School boards, administrators, teachers and families feared the bill would create an adversarial relationship between schools and families, if schools were forced to act like immigration officials.  Some parents might have opted not to send their kids to school at all.

Apparently, Riddle herself still has some learning to do. HB 22 never even received a committee hearing.


House Bill 471
Rep. Charles “Doc” Anderson (R-Waco)

As if it’s not already difficult enough for employees to form unions in Texas, Rep. Doc Anderson, R-Waco, tried to make it even harder this session.

Anderson’s House Bill 471 proposed to limit the ways employees can organize. Current federal labor law allows workers to form unions in one of two ways: a secret ballot election run by the National Labor Relations Board, or “majority sign-up” in which if more than half the employees want to form a union, they simply sign authorization cards and their employer can bypass the election process and recognize the union.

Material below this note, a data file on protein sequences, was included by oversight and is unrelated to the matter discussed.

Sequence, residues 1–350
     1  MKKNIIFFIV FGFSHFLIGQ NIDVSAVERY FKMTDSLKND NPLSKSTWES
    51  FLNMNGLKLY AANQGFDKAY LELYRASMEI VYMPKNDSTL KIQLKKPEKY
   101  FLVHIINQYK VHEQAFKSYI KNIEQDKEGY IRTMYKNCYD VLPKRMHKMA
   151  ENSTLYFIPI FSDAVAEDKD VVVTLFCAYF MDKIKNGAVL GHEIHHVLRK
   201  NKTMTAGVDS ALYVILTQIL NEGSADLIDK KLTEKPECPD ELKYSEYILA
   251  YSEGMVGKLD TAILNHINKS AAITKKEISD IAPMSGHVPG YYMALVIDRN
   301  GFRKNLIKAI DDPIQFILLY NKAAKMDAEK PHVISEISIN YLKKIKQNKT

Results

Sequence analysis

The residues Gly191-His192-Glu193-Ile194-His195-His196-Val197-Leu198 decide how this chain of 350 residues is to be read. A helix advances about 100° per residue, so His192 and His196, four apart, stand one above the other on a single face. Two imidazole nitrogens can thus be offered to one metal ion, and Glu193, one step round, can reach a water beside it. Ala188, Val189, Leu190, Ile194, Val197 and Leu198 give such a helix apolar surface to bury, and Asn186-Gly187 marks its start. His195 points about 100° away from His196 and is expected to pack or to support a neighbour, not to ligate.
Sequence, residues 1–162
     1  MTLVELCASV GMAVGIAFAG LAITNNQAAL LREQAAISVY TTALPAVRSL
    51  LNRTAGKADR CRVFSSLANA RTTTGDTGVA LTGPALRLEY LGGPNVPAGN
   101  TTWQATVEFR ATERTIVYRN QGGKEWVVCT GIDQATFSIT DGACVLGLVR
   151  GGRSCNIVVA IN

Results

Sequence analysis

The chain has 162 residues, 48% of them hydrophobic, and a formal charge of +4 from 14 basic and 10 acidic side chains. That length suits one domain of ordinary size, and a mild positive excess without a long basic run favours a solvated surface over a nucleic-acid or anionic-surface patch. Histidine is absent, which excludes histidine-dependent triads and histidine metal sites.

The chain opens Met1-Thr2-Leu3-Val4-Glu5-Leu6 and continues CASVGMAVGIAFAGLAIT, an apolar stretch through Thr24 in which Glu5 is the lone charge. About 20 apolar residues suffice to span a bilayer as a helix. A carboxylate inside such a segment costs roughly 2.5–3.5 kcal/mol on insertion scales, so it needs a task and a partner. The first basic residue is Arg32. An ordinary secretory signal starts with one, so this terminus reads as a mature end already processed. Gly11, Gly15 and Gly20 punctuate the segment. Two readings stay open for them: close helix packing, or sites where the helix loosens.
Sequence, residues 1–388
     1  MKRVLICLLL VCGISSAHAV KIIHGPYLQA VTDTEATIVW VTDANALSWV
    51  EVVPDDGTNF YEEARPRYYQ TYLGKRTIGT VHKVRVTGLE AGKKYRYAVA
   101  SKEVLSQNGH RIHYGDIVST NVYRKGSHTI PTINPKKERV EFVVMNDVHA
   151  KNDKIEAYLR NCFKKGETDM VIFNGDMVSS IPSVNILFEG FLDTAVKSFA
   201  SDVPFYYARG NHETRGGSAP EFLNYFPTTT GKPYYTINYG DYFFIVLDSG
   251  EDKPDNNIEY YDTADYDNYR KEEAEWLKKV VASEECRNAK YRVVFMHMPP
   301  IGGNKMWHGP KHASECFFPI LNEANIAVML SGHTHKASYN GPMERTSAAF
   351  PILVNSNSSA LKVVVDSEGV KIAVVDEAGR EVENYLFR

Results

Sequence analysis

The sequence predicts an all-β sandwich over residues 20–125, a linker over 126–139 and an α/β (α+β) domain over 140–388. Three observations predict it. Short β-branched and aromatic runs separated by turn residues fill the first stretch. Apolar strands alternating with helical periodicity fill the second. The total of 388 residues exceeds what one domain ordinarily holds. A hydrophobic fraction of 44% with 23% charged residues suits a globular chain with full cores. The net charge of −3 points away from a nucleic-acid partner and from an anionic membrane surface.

Anderson’s bill was aimed at eliminating the latter option in Texas. Proponents said the majority sign-up would open the door to intimidation among workers. However, when similar bills have been filed in previous sessions, workers rights advocates argued the opposite. Recent studies have shown that it’s employers who intimidate their workers into not organizing at all or electing certain union leaders. Experts also argued that a bill like Anderson’s would invite a lawsuit from the federal government. In fact, at the beginning of the year the National Labor Relations Board threatened to sue any state that passed legislation limiting the ways employees can organize.

No need to worry about litigation, though. Anderson’s bill passed out of House committee but never came to the floor for a vote.